Holly Height Polo and Hunt Club: Dining, Stables, and Swimming of Yesteryear
The Holly Heights Polo and Hunt Club is reputed to have run 15 acres touching the corner of Fulton and Ventura Boulevard. There were two first class polo fields, a two story club house, swimming pool, and 200 stables. Exactly when this facility opened cannot be reliably confirmed at this time.
In 1925 club management shifted. May 3, 1927 the Van Nuys Daily reported Johnny Hines, star of First National Picture Corporation, had a large cast on the location shooting a film.
By May 25, 1928 the Van Nuys Daily reported the club was closed for months and vacant. At that time F.W. Ellingswood, with offices opposite the Hollywood Hills Country Club on Ventura Boulevard (a defunct country club beyond the scope of this post, located between Fairway Drive and at least the present site of Harvard Westlake in Studio City), and a brother in charge of the North Hollywood riding academy on Whitsettt (most likely the present day site of Studio City Golf and Tennis), planned to take the club over and restore it to its past grandeur.
By 1939 the club no longer touched Ventura Boulevard. Rudy's Dine, Dance, Swim, and Ride went from Dixie Canyon to Fulton North of the present alley in back of Ventura Boulevard to South of the Los Angeles River. These are the present sites of Dixie Canyon Elementary and Saint Francis de Sales both of which can be seen from the window of my Sherman Oaks office.
Rudy’s was characterized as a rowdy place by the Works Project Administration (WPA) in 1939. The combination of equines, beer, and dancing caused riots. One can only imagine no-good girls (hussies) with pompadour hairstyles and hoodlums carousing the area in teen buckets.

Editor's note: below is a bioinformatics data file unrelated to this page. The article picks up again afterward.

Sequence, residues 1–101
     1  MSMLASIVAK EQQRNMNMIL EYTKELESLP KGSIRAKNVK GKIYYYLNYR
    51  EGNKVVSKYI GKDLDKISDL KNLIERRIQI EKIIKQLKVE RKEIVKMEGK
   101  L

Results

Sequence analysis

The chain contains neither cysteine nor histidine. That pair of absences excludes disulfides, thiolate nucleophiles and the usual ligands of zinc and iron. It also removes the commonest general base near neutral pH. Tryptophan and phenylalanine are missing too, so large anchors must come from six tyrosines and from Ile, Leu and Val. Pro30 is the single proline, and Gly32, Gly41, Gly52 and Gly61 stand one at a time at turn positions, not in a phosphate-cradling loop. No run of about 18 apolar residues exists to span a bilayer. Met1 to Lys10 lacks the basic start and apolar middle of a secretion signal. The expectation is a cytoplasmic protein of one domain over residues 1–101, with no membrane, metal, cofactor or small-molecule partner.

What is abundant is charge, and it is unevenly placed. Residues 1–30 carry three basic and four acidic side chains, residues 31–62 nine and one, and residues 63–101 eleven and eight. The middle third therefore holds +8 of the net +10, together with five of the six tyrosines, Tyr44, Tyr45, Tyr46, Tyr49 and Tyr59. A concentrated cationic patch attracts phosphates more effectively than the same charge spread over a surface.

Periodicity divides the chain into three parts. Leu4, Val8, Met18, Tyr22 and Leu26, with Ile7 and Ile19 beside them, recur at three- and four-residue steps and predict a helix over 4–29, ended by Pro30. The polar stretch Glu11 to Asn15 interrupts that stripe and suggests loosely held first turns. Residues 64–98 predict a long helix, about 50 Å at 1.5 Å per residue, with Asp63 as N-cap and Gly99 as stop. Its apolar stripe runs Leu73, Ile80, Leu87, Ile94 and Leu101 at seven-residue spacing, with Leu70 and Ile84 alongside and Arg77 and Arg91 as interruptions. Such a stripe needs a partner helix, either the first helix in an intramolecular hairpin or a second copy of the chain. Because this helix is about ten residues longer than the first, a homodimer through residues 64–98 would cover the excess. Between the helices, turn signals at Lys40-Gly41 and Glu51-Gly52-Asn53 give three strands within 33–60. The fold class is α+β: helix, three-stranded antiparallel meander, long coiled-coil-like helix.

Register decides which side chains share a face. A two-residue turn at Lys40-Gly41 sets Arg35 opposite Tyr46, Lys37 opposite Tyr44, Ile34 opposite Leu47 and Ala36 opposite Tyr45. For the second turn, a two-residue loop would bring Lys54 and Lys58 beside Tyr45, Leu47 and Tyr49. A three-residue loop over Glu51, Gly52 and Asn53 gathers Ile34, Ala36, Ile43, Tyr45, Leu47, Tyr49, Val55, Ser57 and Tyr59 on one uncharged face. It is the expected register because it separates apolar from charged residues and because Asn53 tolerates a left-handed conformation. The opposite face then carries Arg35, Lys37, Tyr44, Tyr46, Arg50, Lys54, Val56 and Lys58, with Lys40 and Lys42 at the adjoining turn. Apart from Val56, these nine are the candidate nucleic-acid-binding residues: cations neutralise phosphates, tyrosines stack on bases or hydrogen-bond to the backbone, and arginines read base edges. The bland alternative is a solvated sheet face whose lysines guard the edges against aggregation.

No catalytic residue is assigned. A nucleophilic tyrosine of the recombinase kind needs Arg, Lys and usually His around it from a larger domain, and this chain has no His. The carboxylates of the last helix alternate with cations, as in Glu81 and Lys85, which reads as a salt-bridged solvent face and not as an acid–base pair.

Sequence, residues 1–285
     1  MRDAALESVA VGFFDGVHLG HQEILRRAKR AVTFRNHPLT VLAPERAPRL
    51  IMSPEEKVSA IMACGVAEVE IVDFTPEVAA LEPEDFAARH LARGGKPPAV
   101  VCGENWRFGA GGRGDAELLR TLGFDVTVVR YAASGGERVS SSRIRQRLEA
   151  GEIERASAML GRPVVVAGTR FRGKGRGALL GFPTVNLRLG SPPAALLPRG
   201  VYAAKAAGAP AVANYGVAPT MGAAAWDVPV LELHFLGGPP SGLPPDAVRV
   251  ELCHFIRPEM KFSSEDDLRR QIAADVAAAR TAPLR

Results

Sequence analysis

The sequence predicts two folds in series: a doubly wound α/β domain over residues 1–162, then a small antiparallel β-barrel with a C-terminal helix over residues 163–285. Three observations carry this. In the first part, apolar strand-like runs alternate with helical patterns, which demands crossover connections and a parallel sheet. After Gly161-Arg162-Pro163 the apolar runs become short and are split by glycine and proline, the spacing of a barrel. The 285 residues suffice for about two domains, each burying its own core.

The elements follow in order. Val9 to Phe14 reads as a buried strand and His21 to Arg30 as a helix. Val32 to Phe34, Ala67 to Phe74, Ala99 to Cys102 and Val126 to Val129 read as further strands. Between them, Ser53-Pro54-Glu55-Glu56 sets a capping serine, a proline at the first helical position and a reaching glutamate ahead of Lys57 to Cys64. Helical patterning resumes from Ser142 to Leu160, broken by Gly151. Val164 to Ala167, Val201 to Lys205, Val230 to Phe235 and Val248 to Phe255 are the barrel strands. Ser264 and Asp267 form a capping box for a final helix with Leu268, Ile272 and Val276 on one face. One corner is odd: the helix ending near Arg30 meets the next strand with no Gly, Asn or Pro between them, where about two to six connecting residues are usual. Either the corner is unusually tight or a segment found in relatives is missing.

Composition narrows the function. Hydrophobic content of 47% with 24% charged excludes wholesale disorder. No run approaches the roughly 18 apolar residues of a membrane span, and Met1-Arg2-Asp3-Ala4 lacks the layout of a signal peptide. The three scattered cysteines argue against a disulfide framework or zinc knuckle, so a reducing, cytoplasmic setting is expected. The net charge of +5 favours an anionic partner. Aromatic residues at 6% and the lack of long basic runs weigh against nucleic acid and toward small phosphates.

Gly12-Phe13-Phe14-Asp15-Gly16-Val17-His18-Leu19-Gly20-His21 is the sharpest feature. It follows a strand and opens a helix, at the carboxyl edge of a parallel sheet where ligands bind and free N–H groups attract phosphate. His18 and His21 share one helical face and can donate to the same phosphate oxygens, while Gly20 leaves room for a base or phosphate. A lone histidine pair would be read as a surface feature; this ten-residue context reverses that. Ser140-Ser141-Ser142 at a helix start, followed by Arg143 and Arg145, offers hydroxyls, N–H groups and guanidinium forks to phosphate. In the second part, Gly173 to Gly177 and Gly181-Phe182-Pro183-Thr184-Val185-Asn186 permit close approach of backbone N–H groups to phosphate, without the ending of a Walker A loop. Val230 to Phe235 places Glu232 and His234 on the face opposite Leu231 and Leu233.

Another Los Angeles authority, Martin Turnbull, posted a question about promotional materials he obtained for this location.
In my extensive reviews of maps and information about this particular part of town I recalled seeing a WPA map describing this joint.
Due to the manner in which WPA maps are organized it took me several hours to find this particular WPA map.
Martin Turnbull had several questions about the materials he located. First, I was able to answer his question about the unusual telephone exchange, “VN” which to non-historians and persons born before 1960 are the numbers 8 and 6 on a telephone. VN was a Bunker Hill Exchange. Because the business card was made by late 1930s or very early 1940s club promoters the telephone number did not match the location for their event. It was probably a telephone number to their Bunker Hill rooming house.
The other odd thing about the materials Mr. Turnbull acquired was it listed the address at one point as 1333 ½ Ventura. This was just a typo by the promoters who obtained a month’s access to the pool for $250.00.
At the time there was a retail located at 13333 Ventura Boulevard. I am not sure why that address was listed for the extensive property in back of the alley that comprised Rudy’s Dine, Dance, Swim, and Ride. Maybe the dining occurred in that location.
Rest assured, if there are any historic questions about Sherman Oaks and the surrounding area I will gladly answer them, and do whatever research I can.